The preliminary nuclear agreement reached earlier this month between Iran and six other world powers, led by the United States, is “the best anyone can get,” the Iranian foreign minister said on Wednesday in New York City. Mohammad Javad Zarif emphasized Iran’s desire to complete the deal while trying to dispel any concerns that Iran might go back on its promises.

“It’s the best anyone can get,” Zarif said, speaking at New York University at an event organized by New America, a New York public policy institute, and NYU’s Center on International Cooperation. “Whether we can live with the balance, only time will tell.”

The deal struck last month in Lausanne, Switzerland, between the Iranian government and the six world powers known as P5+1 set up the framework for a nuclear agreement that could see a significant reduction in Iran’s nuclear capabilities in exchange for a lifting of sanctions that have been crippling the Islamic Republic’s economy for decades. Now the parties must iron out and agree on specific details within this framework before concluding any such deal -- and that will be no easy task, according to Zarif.

Zarif was in town this week to meet with U.S. Secretary of State John Kerry and discuss the chances of making the next, June 30 deadline. Before the pair met on Monday, Kerry issued a statement that said "the hard work is far from over and some key issues remain unresolved."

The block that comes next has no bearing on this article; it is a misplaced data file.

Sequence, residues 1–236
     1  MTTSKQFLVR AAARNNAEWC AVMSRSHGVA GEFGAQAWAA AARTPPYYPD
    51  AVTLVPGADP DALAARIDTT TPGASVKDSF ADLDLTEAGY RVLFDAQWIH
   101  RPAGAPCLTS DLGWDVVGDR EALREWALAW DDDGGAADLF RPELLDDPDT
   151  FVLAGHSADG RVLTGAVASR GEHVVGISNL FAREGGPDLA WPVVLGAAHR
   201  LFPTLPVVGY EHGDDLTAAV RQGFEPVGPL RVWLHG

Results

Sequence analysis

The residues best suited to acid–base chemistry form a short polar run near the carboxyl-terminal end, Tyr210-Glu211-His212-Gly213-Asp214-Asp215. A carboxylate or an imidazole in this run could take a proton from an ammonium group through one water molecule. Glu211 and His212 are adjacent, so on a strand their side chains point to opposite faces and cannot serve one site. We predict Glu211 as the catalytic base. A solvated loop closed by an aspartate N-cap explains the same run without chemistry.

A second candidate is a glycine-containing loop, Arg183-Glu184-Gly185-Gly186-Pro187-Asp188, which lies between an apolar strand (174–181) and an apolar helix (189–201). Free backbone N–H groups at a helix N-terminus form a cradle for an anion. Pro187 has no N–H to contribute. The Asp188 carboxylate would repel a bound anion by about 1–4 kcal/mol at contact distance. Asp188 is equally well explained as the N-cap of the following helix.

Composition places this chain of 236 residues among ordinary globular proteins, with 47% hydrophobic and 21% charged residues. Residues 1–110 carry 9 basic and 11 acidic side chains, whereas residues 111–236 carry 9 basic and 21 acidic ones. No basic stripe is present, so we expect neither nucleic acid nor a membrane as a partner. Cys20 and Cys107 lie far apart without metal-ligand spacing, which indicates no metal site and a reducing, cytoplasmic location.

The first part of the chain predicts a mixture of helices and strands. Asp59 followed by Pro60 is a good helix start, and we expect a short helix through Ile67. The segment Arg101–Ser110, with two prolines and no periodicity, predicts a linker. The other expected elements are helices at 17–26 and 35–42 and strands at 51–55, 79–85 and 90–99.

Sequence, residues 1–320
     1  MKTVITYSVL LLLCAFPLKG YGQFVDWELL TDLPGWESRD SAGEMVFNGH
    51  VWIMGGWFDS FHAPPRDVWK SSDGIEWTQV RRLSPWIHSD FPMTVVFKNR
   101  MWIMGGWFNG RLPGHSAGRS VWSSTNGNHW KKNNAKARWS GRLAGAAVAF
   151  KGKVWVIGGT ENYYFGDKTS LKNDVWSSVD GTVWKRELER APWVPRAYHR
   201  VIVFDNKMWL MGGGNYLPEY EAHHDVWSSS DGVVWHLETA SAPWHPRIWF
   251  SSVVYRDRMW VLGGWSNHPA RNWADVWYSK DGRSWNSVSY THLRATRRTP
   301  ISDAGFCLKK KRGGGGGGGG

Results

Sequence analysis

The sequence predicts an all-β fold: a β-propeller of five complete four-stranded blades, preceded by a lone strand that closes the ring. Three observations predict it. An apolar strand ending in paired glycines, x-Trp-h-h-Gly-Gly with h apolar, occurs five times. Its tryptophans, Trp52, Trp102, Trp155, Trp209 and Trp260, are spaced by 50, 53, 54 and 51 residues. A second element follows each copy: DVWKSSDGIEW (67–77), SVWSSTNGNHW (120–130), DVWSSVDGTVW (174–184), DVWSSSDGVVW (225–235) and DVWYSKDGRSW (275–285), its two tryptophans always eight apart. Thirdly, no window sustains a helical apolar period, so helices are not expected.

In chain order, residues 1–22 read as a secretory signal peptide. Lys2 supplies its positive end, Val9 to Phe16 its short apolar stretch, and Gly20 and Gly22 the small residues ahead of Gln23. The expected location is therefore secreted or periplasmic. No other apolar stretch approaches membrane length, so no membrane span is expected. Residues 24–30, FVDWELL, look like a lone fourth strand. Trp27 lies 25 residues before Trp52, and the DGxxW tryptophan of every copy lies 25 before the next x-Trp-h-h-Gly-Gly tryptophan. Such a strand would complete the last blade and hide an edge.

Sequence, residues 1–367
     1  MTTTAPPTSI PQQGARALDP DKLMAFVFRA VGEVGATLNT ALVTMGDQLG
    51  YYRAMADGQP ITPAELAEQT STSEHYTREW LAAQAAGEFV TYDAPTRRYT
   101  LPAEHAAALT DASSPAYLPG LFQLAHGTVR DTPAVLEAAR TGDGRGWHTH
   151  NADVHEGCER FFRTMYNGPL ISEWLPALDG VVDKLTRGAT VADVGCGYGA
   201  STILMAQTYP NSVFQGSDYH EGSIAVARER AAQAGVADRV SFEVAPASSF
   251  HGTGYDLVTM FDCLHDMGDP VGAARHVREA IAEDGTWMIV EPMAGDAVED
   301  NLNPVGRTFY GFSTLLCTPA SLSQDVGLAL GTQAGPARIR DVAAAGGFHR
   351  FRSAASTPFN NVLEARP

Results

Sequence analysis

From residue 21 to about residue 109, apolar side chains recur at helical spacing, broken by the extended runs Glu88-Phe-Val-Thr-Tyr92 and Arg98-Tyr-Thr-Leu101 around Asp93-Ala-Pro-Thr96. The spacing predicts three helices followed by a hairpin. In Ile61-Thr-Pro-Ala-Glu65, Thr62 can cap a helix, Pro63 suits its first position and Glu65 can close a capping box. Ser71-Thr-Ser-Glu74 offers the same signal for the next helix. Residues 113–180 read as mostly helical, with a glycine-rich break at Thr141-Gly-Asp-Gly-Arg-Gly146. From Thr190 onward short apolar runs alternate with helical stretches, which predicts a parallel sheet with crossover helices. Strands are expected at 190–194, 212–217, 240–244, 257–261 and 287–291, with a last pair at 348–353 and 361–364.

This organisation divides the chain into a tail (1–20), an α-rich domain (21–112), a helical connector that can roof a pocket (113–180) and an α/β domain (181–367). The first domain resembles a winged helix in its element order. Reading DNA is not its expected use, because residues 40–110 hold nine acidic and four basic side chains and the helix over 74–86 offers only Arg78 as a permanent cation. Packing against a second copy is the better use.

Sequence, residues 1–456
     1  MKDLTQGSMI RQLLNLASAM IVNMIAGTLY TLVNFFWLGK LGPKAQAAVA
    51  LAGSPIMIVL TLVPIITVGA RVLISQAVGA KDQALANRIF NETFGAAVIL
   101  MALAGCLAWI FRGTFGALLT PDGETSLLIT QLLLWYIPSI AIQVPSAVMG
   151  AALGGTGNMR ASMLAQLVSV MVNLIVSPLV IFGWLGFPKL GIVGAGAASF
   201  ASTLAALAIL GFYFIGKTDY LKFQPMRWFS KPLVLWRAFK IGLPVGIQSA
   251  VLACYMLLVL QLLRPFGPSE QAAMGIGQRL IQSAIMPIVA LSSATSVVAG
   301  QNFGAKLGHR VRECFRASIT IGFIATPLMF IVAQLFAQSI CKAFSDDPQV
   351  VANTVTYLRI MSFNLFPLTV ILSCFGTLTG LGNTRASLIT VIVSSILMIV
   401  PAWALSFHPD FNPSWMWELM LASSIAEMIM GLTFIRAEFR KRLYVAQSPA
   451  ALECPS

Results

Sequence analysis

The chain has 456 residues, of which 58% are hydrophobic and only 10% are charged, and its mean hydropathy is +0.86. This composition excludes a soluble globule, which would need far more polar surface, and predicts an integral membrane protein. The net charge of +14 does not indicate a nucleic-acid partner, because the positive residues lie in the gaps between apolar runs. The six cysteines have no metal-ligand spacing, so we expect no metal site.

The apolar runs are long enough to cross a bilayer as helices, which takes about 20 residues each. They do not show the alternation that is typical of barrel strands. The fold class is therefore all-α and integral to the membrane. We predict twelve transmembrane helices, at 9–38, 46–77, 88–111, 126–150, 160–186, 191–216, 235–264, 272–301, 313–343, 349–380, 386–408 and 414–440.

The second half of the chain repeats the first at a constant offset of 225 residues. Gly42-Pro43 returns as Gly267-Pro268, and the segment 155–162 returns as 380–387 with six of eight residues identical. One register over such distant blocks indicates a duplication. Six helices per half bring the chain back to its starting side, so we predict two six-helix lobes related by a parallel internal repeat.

Kerry’s Iranian counterpart echoed that statement on Wednesday, adding that “almost everything” remains to be discussed in detail, but that these are issues that “can be resolved.”

Among the key issues on the table is the need for transparency and accountability from Iran regarding its nuclear program, in accordance with the International Atomic Energy Agency, the United Nations agency charged with monitoring nuclear activity. Since the negotiations began, there has been speculation that Iran had not disclosed all of its nuclear facilities.

One such facility was thought to be at the Parchin Military Complex, south of Tehran, where a major explosion was reported last year. The preliminary agreement stipulated that inspectors be allowed access to the facility.

“You will have all the transparency you need,” Zarif said. “If you’re looking for a smoking gun, you’re going to wait a long, long time,” he said in reference to the possibility that inspectors may find evidence that Iran is trying to build a nuclear weapon instead of just using the program for civilian energy.

Zarif brushed off the American concern that Iran may fail to abide by the deal and still be able to benefit from sanctions relief, stating that throughout negotiations the U.S. has been the one to go back on its word, not Iran. Since negotiations resumed earlier this year, Iranian officials have criticized the U.S. for making changes and additions to their original agreement structure.  

“There is a lot to be desired on how the U.S., particularly the U.S. Treasury, dealt” with the negotiations, Zarif said. Speaking in English, he added that there had been “many instances where I took the heat when there was a clear American lack of good faith.”

Negotiations are “a human process, not a divine process with fixed deadlines,” Zarif said in reference to the possibility of meeting the June 30 deadline. “Yet even the divine can change,” he added, garnering a universal chuckle from the audience.